Crossroads for the Open Internet

Wednesday, 9 December 2020

This letter was jointly written by; 

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The future of the Internet is at a crossroads, in Europe and around the world. 

The laws that laid a foundation for the spectacular growth of the Internet – with its economic, social, and cultural revelations – are now being reviewed to assess whether they’re fit for the next generation. Indeed, as concern grows in Europe regarding the impact of digital technology and repressive regimes around the world use draconian legal frameworks to stifle online freedoms, the norms that inform new EU legislation has never been more important.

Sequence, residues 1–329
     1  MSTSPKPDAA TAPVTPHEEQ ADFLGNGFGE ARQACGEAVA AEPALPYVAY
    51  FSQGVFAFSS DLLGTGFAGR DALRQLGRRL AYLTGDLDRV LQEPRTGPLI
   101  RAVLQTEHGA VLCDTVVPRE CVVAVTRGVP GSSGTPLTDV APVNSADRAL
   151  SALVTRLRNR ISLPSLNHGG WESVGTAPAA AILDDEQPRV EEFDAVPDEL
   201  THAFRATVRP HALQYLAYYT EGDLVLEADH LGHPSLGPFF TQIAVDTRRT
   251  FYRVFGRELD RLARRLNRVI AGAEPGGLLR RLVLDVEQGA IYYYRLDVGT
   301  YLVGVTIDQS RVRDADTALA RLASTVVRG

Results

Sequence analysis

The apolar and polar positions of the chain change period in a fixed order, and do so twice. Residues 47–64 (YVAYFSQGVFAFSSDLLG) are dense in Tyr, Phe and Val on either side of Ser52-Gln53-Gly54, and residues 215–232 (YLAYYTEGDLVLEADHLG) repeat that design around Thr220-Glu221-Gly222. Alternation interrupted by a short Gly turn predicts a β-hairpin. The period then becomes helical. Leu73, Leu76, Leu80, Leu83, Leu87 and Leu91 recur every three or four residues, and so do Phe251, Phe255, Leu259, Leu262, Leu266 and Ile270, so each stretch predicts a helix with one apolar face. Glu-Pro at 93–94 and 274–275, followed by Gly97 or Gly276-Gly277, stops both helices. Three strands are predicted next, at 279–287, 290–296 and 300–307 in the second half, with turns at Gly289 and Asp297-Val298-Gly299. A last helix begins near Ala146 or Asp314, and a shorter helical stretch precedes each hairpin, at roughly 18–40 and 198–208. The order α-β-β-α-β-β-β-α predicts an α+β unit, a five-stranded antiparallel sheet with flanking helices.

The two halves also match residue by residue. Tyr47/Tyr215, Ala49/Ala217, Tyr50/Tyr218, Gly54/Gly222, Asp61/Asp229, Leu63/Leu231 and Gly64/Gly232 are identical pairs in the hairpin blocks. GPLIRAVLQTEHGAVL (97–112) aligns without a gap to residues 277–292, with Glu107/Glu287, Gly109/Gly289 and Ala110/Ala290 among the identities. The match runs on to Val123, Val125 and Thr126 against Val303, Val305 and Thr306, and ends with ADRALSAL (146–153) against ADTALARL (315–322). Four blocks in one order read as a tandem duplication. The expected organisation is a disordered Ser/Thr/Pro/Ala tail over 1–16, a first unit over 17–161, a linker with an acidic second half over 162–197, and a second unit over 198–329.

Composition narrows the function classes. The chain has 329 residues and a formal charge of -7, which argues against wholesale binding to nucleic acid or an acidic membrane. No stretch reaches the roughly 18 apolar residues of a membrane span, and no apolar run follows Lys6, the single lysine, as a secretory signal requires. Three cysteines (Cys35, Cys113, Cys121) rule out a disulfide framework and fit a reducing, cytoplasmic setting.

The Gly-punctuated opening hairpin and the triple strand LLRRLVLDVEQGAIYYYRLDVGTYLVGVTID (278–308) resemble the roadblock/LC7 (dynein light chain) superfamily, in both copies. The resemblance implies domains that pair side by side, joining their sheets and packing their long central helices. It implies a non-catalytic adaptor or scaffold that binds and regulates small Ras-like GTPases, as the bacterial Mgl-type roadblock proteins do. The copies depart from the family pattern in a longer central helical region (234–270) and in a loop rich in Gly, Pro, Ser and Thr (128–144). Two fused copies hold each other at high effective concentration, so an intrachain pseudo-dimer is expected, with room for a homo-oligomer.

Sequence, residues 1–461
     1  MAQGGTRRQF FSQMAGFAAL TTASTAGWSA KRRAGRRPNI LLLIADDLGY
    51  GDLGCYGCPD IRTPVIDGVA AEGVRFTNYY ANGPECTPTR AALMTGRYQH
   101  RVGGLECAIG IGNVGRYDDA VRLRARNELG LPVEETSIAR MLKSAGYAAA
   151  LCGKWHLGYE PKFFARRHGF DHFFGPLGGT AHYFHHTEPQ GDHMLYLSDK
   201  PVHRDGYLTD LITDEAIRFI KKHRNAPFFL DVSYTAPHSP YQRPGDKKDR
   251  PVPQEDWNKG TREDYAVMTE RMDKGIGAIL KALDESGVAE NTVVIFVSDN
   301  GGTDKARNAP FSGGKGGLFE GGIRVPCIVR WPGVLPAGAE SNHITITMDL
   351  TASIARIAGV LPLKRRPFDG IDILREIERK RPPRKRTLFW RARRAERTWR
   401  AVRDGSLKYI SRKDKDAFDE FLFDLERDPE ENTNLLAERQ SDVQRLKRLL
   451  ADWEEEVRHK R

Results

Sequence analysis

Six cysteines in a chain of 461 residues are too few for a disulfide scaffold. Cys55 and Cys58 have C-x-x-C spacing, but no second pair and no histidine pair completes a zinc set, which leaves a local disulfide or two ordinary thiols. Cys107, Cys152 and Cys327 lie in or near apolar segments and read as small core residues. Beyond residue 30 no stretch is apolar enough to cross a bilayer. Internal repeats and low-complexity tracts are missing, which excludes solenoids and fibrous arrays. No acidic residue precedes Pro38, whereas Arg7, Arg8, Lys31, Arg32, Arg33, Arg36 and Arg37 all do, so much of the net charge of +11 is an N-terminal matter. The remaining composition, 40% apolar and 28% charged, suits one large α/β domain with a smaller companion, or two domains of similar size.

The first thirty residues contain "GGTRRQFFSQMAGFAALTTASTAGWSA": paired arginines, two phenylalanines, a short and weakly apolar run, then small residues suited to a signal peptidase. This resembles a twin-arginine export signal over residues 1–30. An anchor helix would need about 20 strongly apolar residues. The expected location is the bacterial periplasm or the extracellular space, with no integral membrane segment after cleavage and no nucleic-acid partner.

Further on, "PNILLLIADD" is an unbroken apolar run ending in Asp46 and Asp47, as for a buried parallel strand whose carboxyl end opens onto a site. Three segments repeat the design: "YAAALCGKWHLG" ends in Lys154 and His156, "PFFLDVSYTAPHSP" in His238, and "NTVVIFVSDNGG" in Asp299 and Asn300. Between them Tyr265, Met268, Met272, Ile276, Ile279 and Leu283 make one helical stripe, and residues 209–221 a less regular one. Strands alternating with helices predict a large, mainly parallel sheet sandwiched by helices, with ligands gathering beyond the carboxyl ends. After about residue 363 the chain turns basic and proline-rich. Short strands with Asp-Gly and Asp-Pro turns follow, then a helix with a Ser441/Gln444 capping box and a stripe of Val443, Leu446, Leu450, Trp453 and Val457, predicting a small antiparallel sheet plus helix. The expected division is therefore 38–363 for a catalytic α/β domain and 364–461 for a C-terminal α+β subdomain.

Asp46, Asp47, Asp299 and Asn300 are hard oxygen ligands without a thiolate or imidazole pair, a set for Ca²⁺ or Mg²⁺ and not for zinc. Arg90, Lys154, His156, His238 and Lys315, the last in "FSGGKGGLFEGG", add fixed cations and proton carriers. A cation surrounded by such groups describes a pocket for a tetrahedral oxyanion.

The Digital Services Act and the Democracy Action Plan will either renew the promise of the Open Internet or compound a problematic status quo – by limiting our online environment to a few dominant gatekeepers, while failing to meaningfully address the challenges preventing the Internet from realising its potential.

We’re writing to you today as a group of companies to advocate for a regulatory conversation around illegal and harmful content that firmly roots Open Internet principles at the heart of the EU’s digital future. 

There are many other companies and organisations that share the views set out here – we welcome their collaboration in the coming discussions.


Unfortunately, the present conversation is too often framed through the prism of content removal alone, where success is judged solely in terms of ever-more content removal in ever-shorter periods of time. Without question, illegal content – including terrorist content and child sexual abuse material – must be removed expeditiously. Indeed, many creative self-regulatory initiatives proposed by the European Commission have demonstrated the effectiveness of an EU-wide approach.